Table 13: Red flags score
Notes
  • L&G = Land & General Berhad
  • IWCITY = Iskandar Waterfront City Berhad
  • PASDEC = Pasdec Holdings Berhad

The performance of these 3 companies compared to Evergrande on a number of return metrics are shown in the following charts.
  • In terms of ROE, the 3 Malaysian companies on average did worse than Evergrande.
  • In terms of Gross profitability, only L&G on average did better than Evergrande. This was because it achieved good returns from 2013 to 2016 but this has since deteriorated.
Evergrande ROE c/w 3 Malaysian companies ROE
Chart 13: ROE comparison

Evergrande gross profitability c/w 3 Malaysia companies gross profitability
Chart 14: Gross Profitability comparison

In terms of the cash generation, like Evergrande, IWCIT and PASDEC did not have positive cumulated cash flow from Ops from 2010 to 2020.  L&G did well in the early part of the decade and only incurred negative cash flows for the past few years. 

Evergrande cash flow/revenue c/w 3 Malaysian companies cash flow/revenu
Chart 15: Cash Flow/Revenue comparison

I also compared the companies based on 3 academic indicators used to screen for companies with potential problems. The indicators are
  • Altzman Z Score. This is an indicator by Professor Edward I. Altman, New York University.  It is based on financial ratios calculated from data from the company’s Annual Report.  It is used to predict whether a company has a high likelihood of bankruptcy. 
  • Beneish M Score. This is a statistical model by Professor Messod D. Beneish, of Indiana University.  It uses a number of financial ratios calculated from accounting data. The goal is to see whether it is likely that the reported earnings of a company have been manipulated.
  • Piotroski F Score. This is an indicator developed by Professor Joseph D. Piotroski of Stanford University. It has a number between 0 to 9 which is used to assess the strength of a company’s financial position.

How did the 4 companies perform on these 3 indicators? Refer to the table below.
  • All 4 companies failed the Altzman Z Score. 
  • L&G and IWCIT did not meet the Beneish M Score while I would put PASDEC and Evergrande on the borderline.
  • All of them met the Piotroski M Score threshold.
Evergrande 3 indicators
Table 14: 3 Indicators
Notes
a) I did not compute the past 4 years average as this indicator required the current market price as one of its inputs
b) Based on average from 2017 to 2020
c) Based on average from 2017 to 2020

L&G

L&G was red-flagged because of its inventory and payables. However, the L&G situation was different from Evergrande in that the growth in Inventory Days and Payable Days was due to falling revenue.

If you look at the L&G index chart, you can see that in the early part of the decade, revenue, inventory, and payables were growing at similar paces. However, in the latter part of the decade, revenue declined while inventory and payables did not decline proportionately.

L&G performance index
Chart 16: L&G Performance

L&G also does not have a large debt burden as its average Debt Equity of 0.15 is very much smaller than Evergrande’s 2.00. I had also shown earlier that L&G did not have cash generation problems.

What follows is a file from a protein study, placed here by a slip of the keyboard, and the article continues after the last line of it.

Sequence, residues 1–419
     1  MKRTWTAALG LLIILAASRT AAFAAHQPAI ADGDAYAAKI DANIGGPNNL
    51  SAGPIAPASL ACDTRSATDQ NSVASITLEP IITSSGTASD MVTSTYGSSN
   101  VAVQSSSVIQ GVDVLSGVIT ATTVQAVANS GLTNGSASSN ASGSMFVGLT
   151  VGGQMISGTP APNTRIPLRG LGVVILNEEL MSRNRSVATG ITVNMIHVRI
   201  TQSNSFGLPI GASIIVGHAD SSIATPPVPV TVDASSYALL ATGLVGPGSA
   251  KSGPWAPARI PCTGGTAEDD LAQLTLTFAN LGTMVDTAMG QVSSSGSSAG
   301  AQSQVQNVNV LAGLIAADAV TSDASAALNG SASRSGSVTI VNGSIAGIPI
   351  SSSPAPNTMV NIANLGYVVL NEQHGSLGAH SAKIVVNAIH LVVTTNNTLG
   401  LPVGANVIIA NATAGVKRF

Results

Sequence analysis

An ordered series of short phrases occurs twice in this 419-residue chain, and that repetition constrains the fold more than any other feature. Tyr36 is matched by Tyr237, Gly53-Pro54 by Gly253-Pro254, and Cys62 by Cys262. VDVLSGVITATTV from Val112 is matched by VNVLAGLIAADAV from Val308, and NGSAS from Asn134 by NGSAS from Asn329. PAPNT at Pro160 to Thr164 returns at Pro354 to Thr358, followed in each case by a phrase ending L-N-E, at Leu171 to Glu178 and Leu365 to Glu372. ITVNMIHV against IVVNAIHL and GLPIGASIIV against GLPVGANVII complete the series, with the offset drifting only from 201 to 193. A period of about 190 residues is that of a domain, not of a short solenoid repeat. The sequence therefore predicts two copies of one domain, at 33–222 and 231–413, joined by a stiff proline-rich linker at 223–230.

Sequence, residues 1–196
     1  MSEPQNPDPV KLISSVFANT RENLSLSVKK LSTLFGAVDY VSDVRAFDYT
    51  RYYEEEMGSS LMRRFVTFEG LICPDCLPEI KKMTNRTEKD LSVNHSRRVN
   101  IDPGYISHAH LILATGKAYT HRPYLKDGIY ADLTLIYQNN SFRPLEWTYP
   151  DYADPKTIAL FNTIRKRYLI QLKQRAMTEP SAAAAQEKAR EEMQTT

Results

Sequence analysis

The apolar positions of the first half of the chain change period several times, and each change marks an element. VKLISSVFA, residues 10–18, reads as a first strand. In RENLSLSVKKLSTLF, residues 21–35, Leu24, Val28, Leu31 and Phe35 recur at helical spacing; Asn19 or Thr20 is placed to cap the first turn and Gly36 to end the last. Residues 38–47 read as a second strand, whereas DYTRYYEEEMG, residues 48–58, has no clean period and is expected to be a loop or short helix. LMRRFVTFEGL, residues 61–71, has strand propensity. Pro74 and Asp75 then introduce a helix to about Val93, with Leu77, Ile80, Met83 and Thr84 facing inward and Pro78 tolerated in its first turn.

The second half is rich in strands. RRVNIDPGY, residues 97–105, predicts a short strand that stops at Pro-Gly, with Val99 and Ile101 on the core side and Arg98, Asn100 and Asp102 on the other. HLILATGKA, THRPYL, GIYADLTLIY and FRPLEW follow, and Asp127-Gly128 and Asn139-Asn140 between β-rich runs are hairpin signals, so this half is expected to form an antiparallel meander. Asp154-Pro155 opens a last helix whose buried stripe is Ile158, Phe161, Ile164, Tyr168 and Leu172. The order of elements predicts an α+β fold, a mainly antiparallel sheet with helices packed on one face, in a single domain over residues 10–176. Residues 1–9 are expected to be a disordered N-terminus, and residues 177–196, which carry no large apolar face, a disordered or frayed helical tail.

L&G challenge is more about its sales and is unlikely to be an Evergrande. 

IWCITY

IWCIT did not experience and significant revenue growth from 2010 to 2020.  But inventory and payables grew resulting in it being red-flagged for 
  • Average Inventory Days and average Payable Days.
  • Growth rates for Inventory Days and Payables Days.
IWCITY Performance index
Chart 17: IWCITY Performance

At the same time, IWCITY had negative accumulated cash flow from operations from 2010 to 2020.

But IWCITY does not have a large debt burden as its average Debt Equity of 0.25 is very much smaller than Evergrande’s 2.00. However, this had grown from 0.01 in 2010 to 0.23 by 2020.

PASDEC

PASDEC's main problem was its low sales. From 2010 to 2020, it had the following average annual performance:
  • RM 110 m revenue,
  • RM 198 m inventory,
  • RM 40 m payables.
PASDEC Performance index
Chart 18: PASDEC Performance

There were no significant growths in inventory or payables during the past 11 years. But revenue declined by about 8 % annually. You should not be surprised that it was red-flagged for Inventory Days and Payable Days - both for the average values as well as growth.

At the same time, it did not accumulate any positive cash flow from operations from 2010 to 2020.

Its positive point was that it had an average Debt Equity ratio of 0.29. 

Conclusion

Unlike Evergrande, the 3 Malaysian companies red-flagged did not have revenue growth. Their Inventory, Payables, and even Cash Flow problems can be attributed to the lack of revenue growth.

Evergrande revenue and DE c/w 3 Malaysian companies
Table 15: Comparison between Evergrande and the 3 Malaysian property companies

Secondly, Evergrande’s liquidity problem was due to its high Debt levels with an average Debt Equity of 2.00. The 3 Malaysian companies' average Debt Equity ratios are significantly less.

In Part 1, I concluded that the Malaysian property companies are resilient because none met all of Evergrande’s 7 red flags criteria.

If these 3 companies with 5 to 6 red flags are also not likely to go Evergrande’s way, it reinforces the resilient picture.  This is unlike the 90s during the Asian Financial Crisis when several property companies had to be restructured. 


End of Part 2 of 2